Meanwhile, the actual streets of 38th and Chicago, built in the 1950s, are also in need of a refresh. Protestors’ closure of the intersection to transit in the aftermath of Floyd’s murder changed its function.

The city on Thursday proposed a range of options for a future redesign, including: open access for all modes of transportation including cars; limited access for pedestrians, bikes, buses and emergency, maintenance and delivery vehicles only; or a pedestrian mall with access only for critical vehicles. The last option would require passage of a bill allowing cities across the state to convert streets to pedestrian malls, which has also been suggested for a potential makeover of downtown’s Nicollet Mall.

Community feedback

The purpose of Thursday’s dinner was to gather more input about community priorities for the square. But some attendees wanted to cut faster to the point.

“It’s been years since it occurred and I’ve been other places where George Floyd has been honored,” said business owner Audra Robinson. “I would challenge everyone to go to Freedom Park in Raleigh, N.C. to see a great example of what can happen. Who is responsible, where’s the committee and what is the planned date for something to be erected?”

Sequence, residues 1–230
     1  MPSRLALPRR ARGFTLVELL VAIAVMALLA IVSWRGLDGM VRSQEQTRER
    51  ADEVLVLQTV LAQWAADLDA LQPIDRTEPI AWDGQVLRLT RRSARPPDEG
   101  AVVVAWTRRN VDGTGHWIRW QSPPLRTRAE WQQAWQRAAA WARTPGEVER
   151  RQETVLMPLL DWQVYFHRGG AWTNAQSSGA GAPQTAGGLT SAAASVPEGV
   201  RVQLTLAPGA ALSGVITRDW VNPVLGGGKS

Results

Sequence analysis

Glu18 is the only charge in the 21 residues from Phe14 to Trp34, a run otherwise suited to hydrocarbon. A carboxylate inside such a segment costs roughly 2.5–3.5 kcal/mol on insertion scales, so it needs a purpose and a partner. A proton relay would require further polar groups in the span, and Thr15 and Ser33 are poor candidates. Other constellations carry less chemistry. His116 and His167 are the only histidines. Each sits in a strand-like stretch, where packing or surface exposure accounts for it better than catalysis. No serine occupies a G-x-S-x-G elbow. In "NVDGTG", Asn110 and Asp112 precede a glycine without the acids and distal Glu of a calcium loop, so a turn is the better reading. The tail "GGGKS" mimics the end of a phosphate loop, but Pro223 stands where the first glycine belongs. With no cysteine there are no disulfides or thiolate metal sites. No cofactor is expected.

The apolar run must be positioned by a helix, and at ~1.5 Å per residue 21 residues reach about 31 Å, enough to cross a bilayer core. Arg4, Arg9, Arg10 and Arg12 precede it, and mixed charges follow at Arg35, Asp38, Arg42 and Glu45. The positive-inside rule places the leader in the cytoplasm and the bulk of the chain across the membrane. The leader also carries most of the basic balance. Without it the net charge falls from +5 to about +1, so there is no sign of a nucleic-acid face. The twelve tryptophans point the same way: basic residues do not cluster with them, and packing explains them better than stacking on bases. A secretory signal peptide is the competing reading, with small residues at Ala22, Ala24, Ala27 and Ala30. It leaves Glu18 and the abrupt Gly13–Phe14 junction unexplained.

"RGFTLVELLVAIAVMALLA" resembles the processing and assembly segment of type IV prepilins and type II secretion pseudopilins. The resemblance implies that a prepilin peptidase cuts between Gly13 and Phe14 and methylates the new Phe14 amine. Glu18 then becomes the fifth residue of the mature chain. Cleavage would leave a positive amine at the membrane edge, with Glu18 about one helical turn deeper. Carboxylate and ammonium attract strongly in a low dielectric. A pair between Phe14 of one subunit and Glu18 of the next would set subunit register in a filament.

Willie Frazier of Finish Touch Boutique, a longtime business owner based in George Floyd Square, also expressed his frustrations with how long the planning process has taken. “Do something!” he shouted. “I pay rent! Enough is enough … Y’all don’t know what’s going on over there.”

Others were glad they participated.

Linda Butlerattended Thursday’s dinner with her granddaughter Renita Burrows and two teenage great-granddaughters. South Minneapolis was where Butler landed after leaving Chicago 20 years ago, and while she now lives in north Minneapolis, 38th and Chicago and the Sabathani Community Center remain close to her heart.

Asked to consider what she sees first when she enters George Floyd Square, Burrows said it feels a bit messy. But rounding the corner and glimpsing the iconic mural by Peyton Scott Russell, she said she’s reminded of the beauty coexisting alongside lingering trauma.

Butler said going to the square takes her right back to the nine minutes of Floyd’s on-camera death, and the fear she felt in 2020 that her adopted diverse and progressive community of south Minneapolis wasn’t what she’d thought it was.

“Being at the square, what is seen is a spirit of unity, a spirit of community, a spirit of solidarity,” said Prince Corbett, the city’s new director of Race Equity, Inclusion, and Belonging. “There’s also a spirit of desperation and there’s a spirit of sorrow. There’s a spirit of something … like the rose that grew up from the concrete, and that spirit’s there.”